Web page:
Subject: Lens reflections may betray your secrets in Zoom video calls
Source: The Register
Boffins at the University of Michigan in the US and Zhejiang University in China want to highlight how bespectacled video conferencing participants are inadvertently revealing sensitive on-screen information via reflections in their eyeglasses.With the COVID-19 pandemic and the rise in remote work, video conferencing has become commonplace. The researchers argue the ensuing privacy and security issues deserve further attention, and they’ve been casting an eye on this unusual attack vector.
In a paper distributed via ArXiv, titled, “Private Eye: On the Limits of Textual Screen Peeking via Eyeglass Reflections in Video Conferencing,” researchers Yan Long, Chen Yan, Shilin Xiao, Shivan Prasad, Wenyuan Xu, and Kevin Fu describe how they analyzed optical emanations from video screens that have been reflected in the lenses of glasses.
“Our work explores and characterizes the viable threat models based on optical attacks using multiframe super resolution techniques on sequences of video frames,” the computer scientists explain in their paper.
[shhh, don’t tell them about: https://www.google.com/search?client=firefox-b-1-d&q=anti-reflective+lenses – which movie/TV actors and others will wear /Pete]
- AdBlock Plus
- Advanced persistent threat
- Black Hat
- Bug Bounty
- Climate Change
- Common Vulnerability Scoring System
- Contact Tracing
- Cybersecurity and Infrastructure Security Agency
- Cybersecurity Information Sharing Act
- Data Breach
- Data Protection
- Data Theft
- Digital certificate
- Fusion Power
- Identity Theft
- Kenna Security
- Microsoft 365
- Microsoft Office
- Microsoft Teams
- Neil Gehrels Swift Observatory
- Palo Alto Networks
- Privacy Sandbox
- Programming Language
- Quantum key distribution
- Remote Access Trojan
- Retro computing
- RSA Conference
- Search Engine
- Software bug
- Software License
- Trusted Platform Module
- User interface
- Visual Studio
- Visual Studio Code
- Web Browser
- Zero trust
A Chinese spy carrying out industrial espionage against GE Aviation and Honeywell’s aerospace division was caught with the help of access to an iCloud backup of his iPhone. The data obtained included a never-before-seen copy of a security form used by the Chinese security service when recruiting spies.Xu Yanjun, an officer in China’s Ministry of State Security (MSS) was arrested and brought to trial in the US after investigators lured him out of the country to a meeting in Belgium, from where he was extradited to America …
Bloomberg tells the story in dramatic form, but the executive summary is that China targeted academics and engineers working on aerospace projects. They were invited to China on all-expenses-paid trips, where they ostensibly delivered conference papers – but were really giving away commercially sensitive information on airframe and engine development.
The devices are on the way to becoming as commonplace as lawn sprinklers.A 2021 survey by the National Association of Home Builders suggested that 70 percent of likely home buyers want security cameras. Tech giant Amazon is rolling out a new TV series about Rings, and it’s not their billion-dollar blockbuster set in Middle-Earth.
This show is called “Ring Nation,” and it will feature videos captured by Amazon’s Ring home security cameras. The idea of a weekly TV series featuring surveillance videos has ticked off privacy experts, civil libertarians, and Senator Edward Markey, Democrat of Massachusetts. But it also proves that home security cameras are on the way to becoming as commonplace as lawn sprinklers.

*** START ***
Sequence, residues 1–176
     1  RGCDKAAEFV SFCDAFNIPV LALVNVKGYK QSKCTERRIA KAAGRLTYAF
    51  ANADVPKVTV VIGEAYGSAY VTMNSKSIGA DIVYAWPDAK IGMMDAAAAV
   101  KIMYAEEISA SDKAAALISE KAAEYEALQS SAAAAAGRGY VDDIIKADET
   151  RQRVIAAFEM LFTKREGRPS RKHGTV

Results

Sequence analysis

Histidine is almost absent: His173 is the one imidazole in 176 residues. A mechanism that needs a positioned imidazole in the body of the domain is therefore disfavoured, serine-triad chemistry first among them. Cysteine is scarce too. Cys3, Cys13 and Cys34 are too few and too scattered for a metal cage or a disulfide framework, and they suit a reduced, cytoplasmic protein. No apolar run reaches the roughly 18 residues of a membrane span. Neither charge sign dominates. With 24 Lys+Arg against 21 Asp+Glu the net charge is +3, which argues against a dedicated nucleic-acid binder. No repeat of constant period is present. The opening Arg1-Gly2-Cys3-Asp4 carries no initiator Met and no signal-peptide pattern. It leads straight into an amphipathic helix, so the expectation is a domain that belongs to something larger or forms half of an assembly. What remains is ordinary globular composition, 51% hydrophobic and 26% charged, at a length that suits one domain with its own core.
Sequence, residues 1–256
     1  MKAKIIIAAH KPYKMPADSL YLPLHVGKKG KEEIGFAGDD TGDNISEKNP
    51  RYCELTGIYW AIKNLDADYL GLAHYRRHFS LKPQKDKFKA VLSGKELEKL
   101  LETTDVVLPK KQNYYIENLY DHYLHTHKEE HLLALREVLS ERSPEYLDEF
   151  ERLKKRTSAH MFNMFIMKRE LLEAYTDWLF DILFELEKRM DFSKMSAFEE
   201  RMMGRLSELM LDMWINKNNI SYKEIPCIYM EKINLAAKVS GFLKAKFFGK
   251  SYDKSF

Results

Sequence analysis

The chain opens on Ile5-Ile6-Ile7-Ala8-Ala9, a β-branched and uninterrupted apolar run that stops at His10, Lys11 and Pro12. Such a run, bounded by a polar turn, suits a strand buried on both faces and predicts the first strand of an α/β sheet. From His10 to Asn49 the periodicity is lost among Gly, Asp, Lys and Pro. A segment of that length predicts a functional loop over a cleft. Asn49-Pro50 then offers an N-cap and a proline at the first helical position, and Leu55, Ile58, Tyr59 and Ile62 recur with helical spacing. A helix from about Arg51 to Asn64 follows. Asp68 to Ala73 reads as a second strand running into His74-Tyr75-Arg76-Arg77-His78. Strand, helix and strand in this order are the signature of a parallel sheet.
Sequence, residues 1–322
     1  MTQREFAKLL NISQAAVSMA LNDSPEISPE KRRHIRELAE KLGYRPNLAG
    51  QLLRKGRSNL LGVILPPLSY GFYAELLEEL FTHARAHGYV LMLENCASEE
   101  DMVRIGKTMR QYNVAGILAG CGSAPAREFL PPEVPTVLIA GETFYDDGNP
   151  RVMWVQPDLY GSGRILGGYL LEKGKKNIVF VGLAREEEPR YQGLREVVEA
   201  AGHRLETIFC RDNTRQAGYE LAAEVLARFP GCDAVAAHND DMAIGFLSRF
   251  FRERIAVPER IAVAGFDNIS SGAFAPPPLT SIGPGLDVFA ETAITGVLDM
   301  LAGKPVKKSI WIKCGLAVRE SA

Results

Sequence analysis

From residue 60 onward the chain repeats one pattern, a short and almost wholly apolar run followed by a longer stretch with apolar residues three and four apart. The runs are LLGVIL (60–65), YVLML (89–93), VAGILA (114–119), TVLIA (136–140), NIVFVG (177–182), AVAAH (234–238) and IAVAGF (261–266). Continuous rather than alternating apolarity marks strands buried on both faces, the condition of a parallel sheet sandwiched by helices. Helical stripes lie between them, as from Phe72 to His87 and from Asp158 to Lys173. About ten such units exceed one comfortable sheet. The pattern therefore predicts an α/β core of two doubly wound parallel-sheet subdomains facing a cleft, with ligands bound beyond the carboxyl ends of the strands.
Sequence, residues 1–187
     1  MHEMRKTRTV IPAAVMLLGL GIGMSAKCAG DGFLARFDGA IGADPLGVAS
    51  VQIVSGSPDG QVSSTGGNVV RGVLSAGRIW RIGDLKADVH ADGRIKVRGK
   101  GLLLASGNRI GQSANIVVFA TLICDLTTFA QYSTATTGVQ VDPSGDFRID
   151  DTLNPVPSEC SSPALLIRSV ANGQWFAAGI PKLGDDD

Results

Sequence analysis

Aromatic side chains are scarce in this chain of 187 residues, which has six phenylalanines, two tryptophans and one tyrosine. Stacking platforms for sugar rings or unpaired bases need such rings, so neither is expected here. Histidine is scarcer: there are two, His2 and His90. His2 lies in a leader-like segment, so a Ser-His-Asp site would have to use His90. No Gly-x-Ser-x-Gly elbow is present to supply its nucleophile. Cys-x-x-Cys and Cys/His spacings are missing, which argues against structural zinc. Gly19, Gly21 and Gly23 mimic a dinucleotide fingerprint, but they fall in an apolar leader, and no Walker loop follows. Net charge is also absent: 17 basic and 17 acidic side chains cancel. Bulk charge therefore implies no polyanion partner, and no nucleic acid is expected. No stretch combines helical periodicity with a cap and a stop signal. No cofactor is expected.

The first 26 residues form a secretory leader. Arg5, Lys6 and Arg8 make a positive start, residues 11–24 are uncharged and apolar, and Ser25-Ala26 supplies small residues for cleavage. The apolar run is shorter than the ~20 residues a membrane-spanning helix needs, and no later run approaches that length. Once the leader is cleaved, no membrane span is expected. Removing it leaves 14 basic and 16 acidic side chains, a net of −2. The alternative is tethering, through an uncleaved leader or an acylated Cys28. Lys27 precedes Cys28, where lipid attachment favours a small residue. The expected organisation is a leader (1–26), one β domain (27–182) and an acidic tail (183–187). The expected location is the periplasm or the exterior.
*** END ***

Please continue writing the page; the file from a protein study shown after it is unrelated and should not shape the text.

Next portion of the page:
We’ve still got a way to go. By the end of 2021, only about 14 percent of homes with broadband access had a network-connected security camera, while 15 percent owned a video doorbell, according to research firm Parks Associates.
But when people start pointing cameras and microphones at one another, certain issues arise. Like, what if your next-door neighbor complains that your camera invades his privacy? What if the microphone records people’s private conversations?
The law has little to say about such matters, according to Matthew Guariglia, a policy analyst at the Electronic Frontier Foundation, an online civil liberties group.
“There isn’t a lot of protection for people from household surveillance devices,” Guariglia said.
Source: Help Net Security
The evolution of crypto giveaway scams. Crypto giveaway scams have evolved into an illicit market segment with multiple services that aim to facilitate fraudulent operations. According to Group-IB, 63% of the new fraudulent domain names were registered with Russian registrars, but the fake websites are primarily designed to target English and Spanish-speaking crypto investors in the US and other countries. The researchers also compiled a list of the most popular keywords used by scammers in fake domain names.
Researchers observed an increase in the number of fraudulent YouTube streams “featuring” big names such as Brad Garlinghouse, Michael J. Saylor, and Cathie Wood in February this year. The scammers used the footage of famous entrepreneurs and crypto enthusiasts to encourage users to visit a promotional website to double their crypto investment — by transferring crypto to the specified address or disclosing the seed phrase of their crypto wallet to receive even better terms.
The top five most popular domain zones used by scam websites promoting crypto giveaways include .com (31.65%), .net (23.86%), .org (22.94%), and .us (5.89%).
If you’re like most people, you’ve received a text or chat message in recent months from a stranger with an attractive profile photograph. It might open with a simple “Hi” or what seems like good-natured confusion about why your phone number seems to be in the person’s address book. But these messages are often far from accidental: They’re the first step in a process intended to steer you from a friendly chat to an online investment to, ultimately, watching your money disappear into the account of a fraudster. “Pig butchering,” as the technique is known — the phrase alludes to the practice of fattening a hog before slaughter — originated in China, then went global during the pandemic. Today criminal syndicates target people around the world, often by forcing human trafficking victims in Southeast Asia to perpetrate the schemes against their will. ProPublica recently published an in-depth investigation of pig butchering, based on months of interviews with dozens of scam victims, former scam sweatshop workers, advocates, rescue workers, law enforcement and investigators, along with extensive documentary evidence including training manuals for scammers, chat transcripts between scammers and their targets and complaints filed with the Federal Trade Commission.